My First Car

February 26, 2018  •  Leave a Comment

          There aren’t many things that bring about a stronger memory than getting our first car.  That moment when you have freedom… well, maybe not total freedom, but freedom non-the-less.  For me, it was a 1970 Mustang Mach I.   It was blue and had those mufflers that were much louder than our neighbors probably would have liked.

          I give my step-father a lot of credit when it came to, not only providing for me my first car, but teaching me the work ethic that I still live by today.  I had just turned 16 and got my license.  We took a drive out to the country to practice driving when we came across that beautiful Mustang sitting out in a front yard with a For Sale sign in the window.  They wanted $1,000 for the car and my step-father decided that was a pretty good deal.

          Within a week, I became the sophomore who drove into the high school parking lot with that beautiful, freshly waxed blue beauty.  Except, I drove like a grandpa!  I vowed I would never race it or drive recklessly (something I did do just a couple of times).  I only had to pay for the insurance, so it was off to work to make some money.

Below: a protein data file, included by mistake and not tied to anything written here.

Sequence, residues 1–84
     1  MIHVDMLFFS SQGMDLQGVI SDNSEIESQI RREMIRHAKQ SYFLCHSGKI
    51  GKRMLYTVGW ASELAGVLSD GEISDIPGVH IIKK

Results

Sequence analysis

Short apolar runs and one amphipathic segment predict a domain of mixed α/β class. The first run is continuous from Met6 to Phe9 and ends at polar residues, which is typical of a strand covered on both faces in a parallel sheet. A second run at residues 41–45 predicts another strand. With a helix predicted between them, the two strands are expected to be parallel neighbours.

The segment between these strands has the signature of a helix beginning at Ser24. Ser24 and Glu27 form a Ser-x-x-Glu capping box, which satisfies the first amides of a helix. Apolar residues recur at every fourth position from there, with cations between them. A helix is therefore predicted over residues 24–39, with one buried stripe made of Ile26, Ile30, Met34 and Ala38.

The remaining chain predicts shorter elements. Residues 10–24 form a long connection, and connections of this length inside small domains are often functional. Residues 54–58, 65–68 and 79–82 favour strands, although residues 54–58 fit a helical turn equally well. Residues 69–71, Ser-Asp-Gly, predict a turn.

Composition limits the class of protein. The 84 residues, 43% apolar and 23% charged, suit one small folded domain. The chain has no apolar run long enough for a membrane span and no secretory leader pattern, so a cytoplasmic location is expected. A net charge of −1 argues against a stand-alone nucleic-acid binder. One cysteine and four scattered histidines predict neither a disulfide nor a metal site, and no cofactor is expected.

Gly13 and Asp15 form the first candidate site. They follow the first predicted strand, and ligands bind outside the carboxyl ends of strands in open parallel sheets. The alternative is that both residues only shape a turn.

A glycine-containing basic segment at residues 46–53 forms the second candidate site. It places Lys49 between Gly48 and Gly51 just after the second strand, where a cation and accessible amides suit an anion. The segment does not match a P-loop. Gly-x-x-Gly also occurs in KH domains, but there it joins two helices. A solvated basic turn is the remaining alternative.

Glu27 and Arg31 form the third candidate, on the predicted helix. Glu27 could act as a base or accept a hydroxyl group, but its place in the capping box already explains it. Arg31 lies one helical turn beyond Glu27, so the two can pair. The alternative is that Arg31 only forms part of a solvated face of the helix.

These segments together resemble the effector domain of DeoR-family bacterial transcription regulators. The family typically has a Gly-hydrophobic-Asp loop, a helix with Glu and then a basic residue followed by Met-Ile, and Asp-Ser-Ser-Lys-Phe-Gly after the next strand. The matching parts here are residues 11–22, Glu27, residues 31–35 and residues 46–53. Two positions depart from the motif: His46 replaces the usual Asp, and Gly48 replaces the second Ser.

Often, the responsibilities of life are the best teachers for us.  They were for me.  It was the thought of losing that car that kept me going.  A whole new world was now open to explore.  Gone was the bike and that dreaded school bus! 

          I’m sure every one of you remembers that time when you got your first car.  It may have been a ‘beater’ but, if it had 4 wheels and ran, you were good to go.  And, of course, that car wouldn’t have been complete without a stereo and speakers to play the jams of our day.

          I’ve tried to keep the same commitment to get my kids a car and it’s been a bit expensive:  three hand-me-down cars, two used cars, and two ‘Bank of Bradley’ financed cars later.  Not to mention insurance, toll tags, repairs, and those late-night text messages saying they had a fender bender.  One thing’s for certain, I’ve paid my dues and am ready to hand over that baton.  

          Thank you for letting me share this memory with you tonight.  I hope you have a blessed day tomorrow and drive safe my friends!


Love Always,




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